If I had a tail, I would have returned home from the dog park this week with it tucked firmly between my legs. Let me share the lessons learned from an awfully awkward encounter with you.
I was exercising Zac by throwing a stick for him in a quiet part of the park, taking advantage of a break in the rain. Soon I was joined by a lady with an older German Shepherd Dog and then a man with a beautiful red Border Collie, which for the purpose of this story we’ll call, say, Rover. I closely monitored Zac’s body language because he can be dog reactive but all was well – the GSD was just standing at a distance more interested in the ball she was carrying and Rover, while, attempting some herding behaviour around Zac, kept a good distance and Zac was relaxed while he lay down chewing on his stick.
The lady and man struck up a conversation behind me, talking about their dogs while I kept throwing the stick and keeping an eye on my dog’s body language.
The man was saying things like: “I tried to take him to agility but he was badly behaved and would run off into the creek”; “I could tell he wasn’t really wanted there”; “he can be quite unmanageable” and “he is intimidated by some other dogs, particularly large females”. It went on and on all the while him not taking any action to monitor his dog or protect it in any way from the others that had joined us by then including a large, female Labrador and a Jack Russell.
I then also noticed that while this dog was watching Zac, his mouth was open. Not in a hot, panting way, but in a fixed angle and within a minute I saw him yawn three times – a sure sign in body language that the dog is stressed or uncomfortable.
With the owner still banging on about the dog and this is the point – it was all about the dog and the mistakes he was making – I felt myself walking over. I just couldn’t help myself.
“Your dog’s body language is showing to me that he is stressed around other dogs,” I said. The man agreed with me, repeating what he’d told the other person that he’s intimidated by older females. I then launched into my view that he should bring treats to the park, cut out dinner and make the calorie intake at the park around him doing good recalls and being rewarded for calm around other dogs. Take responsibility for his dog’s wellbeing in other words.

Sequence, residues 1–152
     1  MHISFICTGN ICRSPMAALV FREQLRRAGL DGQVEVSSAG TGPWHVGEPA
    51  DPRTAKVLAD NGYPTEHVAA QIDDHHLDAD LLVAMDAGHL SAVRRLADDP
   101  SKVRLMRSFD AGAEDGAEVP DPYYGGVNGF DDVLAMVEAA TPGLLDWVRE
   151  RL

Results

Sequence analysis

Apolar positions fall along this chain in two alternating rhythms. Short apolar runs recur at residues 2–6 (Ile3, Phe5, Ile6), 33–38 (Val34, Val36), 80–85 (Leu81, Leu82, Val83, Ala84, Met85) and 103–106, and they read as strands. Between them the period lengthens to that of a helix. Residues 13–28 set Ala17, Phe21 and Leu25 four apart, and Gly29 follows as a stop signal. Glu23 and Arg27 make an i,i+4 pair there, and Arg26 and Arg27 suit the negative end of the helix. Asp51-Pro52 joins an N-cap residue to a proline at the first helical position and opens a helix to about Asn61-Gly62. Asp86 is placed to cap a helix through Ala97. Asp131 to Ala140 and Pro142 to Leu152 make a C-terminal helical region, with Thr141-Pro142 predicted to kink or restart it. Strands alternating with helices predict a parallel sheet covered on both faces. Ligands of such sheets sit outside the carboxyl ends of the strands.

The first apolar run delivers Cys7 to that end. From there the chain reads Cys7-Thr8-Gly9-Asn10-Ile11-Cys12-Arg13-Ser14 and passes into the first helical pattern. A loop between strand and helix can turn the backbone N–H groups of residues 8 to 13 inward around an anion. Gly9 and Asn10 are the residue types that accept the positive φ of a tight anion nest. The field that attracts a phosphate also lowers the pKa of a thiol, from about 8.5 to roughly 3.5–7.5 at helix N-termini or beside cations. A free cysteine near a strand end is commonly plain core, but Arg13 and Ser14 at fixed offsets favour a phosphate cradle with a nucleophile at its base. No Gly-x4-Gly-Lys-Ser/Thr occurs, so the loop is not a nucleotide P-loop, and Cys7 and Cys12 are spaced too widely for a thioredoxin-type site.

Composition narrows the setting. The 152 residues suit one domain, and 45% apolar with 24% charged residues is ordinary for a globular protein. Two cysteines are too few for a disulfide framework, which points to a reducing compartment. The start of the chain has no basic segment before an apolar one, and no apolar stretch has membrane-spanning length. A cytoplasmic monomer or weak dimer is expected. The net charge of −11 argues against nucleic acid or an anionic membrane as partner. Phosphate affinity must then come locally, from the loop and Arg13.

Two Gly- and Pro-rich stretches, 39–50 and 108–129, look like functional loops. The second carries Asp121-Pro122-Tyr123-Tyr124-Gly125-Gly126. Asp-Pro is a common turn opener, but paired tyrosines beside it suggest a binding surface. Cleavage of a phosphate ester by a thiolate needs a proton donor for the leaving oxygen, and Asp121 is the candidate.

But before I could finish and step off my soap box, a whirling dervlish of teeth and growls broke out at the side of the park. The Jack Russell had clearly not kept his distance from Zac and entered his uncomfortable proximity zone, tried to jump on him or tried to take his stick. Either way, Zac had reacted.
I rapidly made chase after Zac, only after a few attempts managing to grab him and put him back on lead. There was a lot of teeth baring and growling, most of it hot air but not pretty or pleasant to hear or see.
Let me be clear here. This was my fault. I had taken my eyes off Zac when I was responsible for being in control of him when he was off lead, the condition of using off lead parks. While he’d been calm around the other dogs because they didn’t come into his personal space, while I’d been delivering my sermon about good behaviour I didn’t notice that the variables around my own dog’s calm had changed. The Jack Russell had broken into Zac’s personal space bubble.
Oh dog trainer heal thyself.
The life lessons I was reminded about the hard way from this experience:
- Don’t offer advice, no matter how well intended, unless it’s asked for.
- Remember to weed thy own patch before tending to those of others.
- Don’t make any assumptions about anything while your dog is off lead.
- And lastly, always love your dog, no matter how much they embarrass you!